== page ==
His compassion always allowed him to connect with our rare disease families, and his empathy allowed him to grieve alongside us.   He understands us and recognizes how difficult these journeys are.  At the same time, he always gives families the strength to keep fighting, encouragement and hope that will sorely be missed by us all.

Julian has also led the charge for our children to get access to expensive treatments – treatments that save lives.  He’s traveled around the world presenting to patient groups, organizations, and government officials.

image2-2Julian has led clinical trials and helped pioneer new treatments for our kids.  I was with him at a Denver Patient Symposium recently and he passionately told the crowd that “It’s nice when we have medicines that make us get better.  But it’s just as important to have medicines that prevent us from getting worse.”  To me, that is at the heart of every battle I’ve fought throughout the past decade for our kids, and Julian eloquently summed up the need for us to have access to treatments for our kids in one powerful sentence.  He’s like that – inspirational and uplifting, yet modest and humble at the same time.

Julian has championed our childrens’ causes, he’s tirelessly joined our battles.

He’s been consoling and impactful.  And has made the world a better place for us all.

Julian has been a life changer and a life saver.

And Julian will be greatly missed.

Farewell, Dr. Raiman.  Thank you for all you’ve done for my son, our family, and all the families that The Isaac Foundation has been lucky enough to be involved with.  You are a true hero to us all.

With Love,

The Isaac Foundation


To Change The World – Treatment Approved in New Brunswick!

doubt that a small group
 of thoughtful, committed citizens can change the world; indeed, it’s the only thing that ever has. – Margaret Mead

The quote above is one that we have displayed prominently on our website, and they are words we live by.  Existing in the world of rare diseases requires one to have such a mindset – to make a difference in the world of rare diseases, you have to begin with a small group of people.  Here in Canada, Isaac is one of just thirteen individuals that suffer from MPS VI.  In the broader family of MPS, we’re still talking less than 250 people battling the disease country-wide.  That’s 250 people out of 35 million (or just .0007% of our population, for our mathematician supporters!)  In essence, we’re a small group.  But we think big, and truly believe that we can change the world for our kids.

I have this quote on our website for many reasons – one of them being to remind myself that things are possible, even when we’re facing odds that most people would bet against.  Little did I know, that quote would help a government approve a treatment for a little girl who desperately needs it.  Little did I know, that quote would help save her life.

The photo above is of Kamie Babineau, a beautiful little girl from a town near Moncton New Brunswick.  Kamie’s mom, Parise, connected with me in December 2014, worried that her daughter was suffering from MPS VI – the same disease that Isaac has. The same disease that Jasper and Aleena and Violet have.  The same disease we’ve worked tirelessly to find a cure for, the one we’ve had to battle governments to provide life-saving treatment for.  Parise was obviously worried for her daughter – she sent me a photo of Kamie and one of Aleena that she found in a newspaper report and felt they shared the same features.  One glance at Kamie’s photo told me she was on the right track, but confirmatory tests needed to be done before we could begin the process of setting up treatment for her.  Confirmation of MPS VI was given at the end of January, and an application for reimbursement for treatment went into the government of New Brunswick in early March.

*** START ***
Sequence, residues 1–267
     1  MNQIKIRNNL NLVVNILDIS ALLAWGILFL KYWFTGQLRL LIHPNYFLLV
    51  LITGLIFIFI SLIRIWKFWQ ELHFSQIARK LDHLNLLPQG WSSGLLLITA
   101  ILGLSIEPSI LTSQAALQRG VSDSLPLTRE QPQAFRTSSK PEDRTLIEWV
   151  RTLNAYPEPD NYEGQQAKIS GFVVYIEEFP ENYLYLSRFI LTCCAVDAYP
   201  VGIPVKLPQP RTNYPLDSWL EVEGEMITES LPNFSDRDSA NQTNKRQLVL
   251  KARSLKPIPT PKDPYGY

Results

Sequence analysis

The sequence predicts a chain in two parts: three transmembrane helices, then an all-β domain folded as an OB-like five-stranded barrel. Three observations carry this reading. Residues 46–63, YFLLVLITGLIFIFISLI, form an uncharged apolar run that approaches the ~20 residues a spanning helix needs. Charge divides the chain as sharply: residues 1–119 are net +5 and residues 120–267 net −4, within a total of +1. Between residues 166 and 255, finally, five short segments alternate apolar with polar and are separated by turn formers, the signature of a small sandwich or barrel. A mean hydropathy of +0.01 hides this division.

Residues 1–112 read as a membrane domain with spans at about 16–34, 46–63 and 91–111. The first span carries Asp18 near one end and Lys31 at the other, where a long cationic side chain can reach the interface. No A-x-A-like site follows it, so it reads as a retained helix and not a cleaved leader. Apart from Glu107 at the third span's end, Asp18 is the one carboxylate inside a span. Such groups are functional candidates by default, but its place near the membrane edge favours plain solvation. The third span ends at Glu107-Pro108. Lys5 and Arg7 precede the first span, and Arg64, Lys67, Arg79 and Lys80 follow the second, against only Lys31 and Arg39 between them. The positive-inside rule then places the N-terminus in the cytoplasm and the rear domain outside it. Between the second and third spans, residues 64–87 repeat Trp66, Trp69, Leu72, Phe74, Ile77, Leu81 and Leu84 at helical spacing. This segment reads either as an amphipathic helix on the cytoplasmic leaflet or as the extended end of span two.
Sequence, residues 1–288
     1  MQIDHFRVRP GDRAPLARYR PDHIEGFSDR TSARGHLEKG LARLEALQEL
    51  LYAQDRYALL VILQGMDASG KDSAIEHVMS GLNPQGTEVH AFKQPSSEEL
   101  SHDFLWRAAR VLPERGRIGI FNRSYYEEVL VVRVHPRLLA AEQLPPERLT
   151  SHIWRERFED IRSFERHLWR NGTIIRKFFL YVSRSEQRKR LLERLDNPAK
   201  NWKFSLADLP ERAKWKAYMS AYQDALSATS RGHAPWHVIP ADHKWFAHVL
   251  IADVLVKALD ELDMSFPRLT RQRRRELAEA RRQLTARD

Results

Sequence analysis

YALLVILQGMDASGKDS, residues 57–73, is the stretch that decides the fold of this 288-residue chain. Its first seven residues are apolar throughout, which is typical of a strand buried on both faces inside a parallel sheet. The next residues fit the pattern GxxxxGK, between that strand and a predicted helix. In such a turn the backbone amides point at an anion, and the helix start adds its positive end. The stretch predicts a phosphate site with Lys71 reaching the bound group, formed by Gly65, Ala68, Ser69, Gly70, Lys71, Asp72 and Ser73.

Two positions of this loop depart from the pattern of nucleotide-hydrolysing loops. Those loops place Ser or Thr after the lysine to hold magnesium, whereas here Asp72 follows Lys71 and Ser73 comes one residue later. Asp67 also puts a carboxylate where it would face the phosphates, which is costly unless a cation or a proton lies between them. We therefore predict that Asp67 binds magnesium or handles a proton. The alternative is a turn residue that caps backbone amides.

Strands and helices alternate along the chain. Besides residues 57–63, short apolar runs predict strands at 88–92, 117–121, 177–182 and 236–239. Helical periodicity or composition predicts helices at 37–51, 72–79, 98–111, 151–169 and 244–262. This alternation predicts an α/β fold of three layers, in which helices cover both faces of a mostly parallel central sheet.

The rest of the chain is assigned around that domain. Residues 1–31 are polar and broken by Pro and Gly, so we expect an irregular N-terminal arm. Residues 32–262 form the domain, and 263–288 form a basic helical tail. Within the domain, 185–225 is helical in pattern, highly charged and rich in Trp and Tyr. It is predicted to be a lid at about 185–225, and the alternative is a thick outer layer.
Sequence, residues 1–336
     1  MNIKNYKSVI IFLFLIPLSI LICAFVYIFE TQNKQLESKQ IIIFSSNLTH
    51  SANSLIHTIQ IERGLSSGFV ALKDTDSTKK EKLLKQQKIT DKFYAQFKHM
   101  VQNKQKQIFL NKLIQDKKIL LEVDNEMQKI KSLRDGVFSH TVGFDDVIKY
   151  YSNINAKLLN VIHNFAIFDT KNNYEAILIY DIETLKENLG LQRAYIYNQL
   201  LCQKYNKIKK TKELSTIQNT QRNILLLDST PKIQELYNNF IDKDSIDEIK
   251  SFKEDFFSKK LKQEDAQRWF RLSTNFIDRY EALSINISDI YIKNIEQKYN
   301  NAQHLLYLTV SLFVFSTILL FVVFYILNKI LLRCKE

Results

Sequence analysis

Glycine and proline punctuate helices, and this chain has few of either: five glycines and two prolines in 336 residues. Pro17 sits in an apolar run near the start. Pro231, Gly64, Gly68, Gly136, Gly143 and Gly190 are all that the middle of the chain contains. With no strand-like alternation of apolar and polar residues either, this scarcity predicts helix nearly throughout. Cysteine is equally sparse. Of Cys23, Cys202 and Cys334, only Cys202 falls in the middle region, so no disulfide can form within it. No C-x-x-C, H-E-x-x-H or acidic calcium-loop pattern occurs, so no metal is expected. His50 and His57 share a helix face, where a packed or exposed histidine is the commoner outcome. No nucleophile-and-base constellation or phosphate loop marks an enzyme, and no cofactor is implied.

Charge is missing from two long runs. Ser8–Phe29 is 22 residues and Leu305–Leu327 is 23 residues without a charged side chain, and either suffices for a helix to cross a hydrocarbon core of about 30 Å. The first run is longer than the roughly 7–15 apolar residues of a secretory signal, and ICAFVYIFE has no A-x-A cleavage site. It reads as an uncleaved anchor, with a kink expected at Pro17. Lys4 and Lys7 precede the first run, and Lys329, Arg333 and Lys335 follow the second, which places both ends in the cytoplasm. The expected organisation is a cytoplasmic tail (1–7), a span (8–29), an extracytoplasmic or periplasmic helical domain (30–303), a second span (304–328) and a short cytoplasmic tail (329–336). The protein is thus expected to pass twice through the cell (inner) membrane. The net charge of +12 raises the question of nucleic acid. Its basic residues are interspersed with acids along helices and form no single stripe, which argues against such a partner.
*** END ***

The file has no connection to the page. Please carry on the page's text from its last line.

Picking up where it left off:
If you’ve been following our blog, you’ve seen how difficult it is to access treatment for MPS VI in Canada.  It’s expensive (the third most expensive drug in the world, according to this website and many others like it,) and governments are reluctant to cover the cost of the treatment for our kids.  Reluctant, even though it’s life-saving.  Reluctant, even though it gives our kids the chance at a healthy life.  Reluctant, even though it staves off the ravages of the disease, slows down or halts its progression.  Reluctant, even though the cost of not treating the disease is sometimes far more costly than treating it when you take into account the costs associated with managing the multi-systemic failures that ensue in children without access to therapy.  If you need some reminders on how difficult it is for our kids to get access to treatment in this country, have a look through this collection of news articles and stories.  To summarize – it’s difficult, and treatment is rarely approved without a fight.

DSC_0144I had been told that New Brunswick would be especially difficult to deal with.  Indeed, I had already reached out to the Province a few months earlier upon learning that a boy with MPS IVA needed access to treatment and the provincial bureaucrats wouldn’t accept the application for funding because they didn’t have a process in place to review the application.  I called and stated my concerns and frustration that an application wouldn’t even be accepted for this child, let alone reviewed and denied.  I was told to wait until the bureaurcratic process of a CDR Review was completed and that they would not consider any request for treatment until that time (that review gets completed in 2 days from now!)  So, I was prepared for a difficult start to accessing treatment for Kamie, and I wasn’t wrong when I began the process a few weeks ago.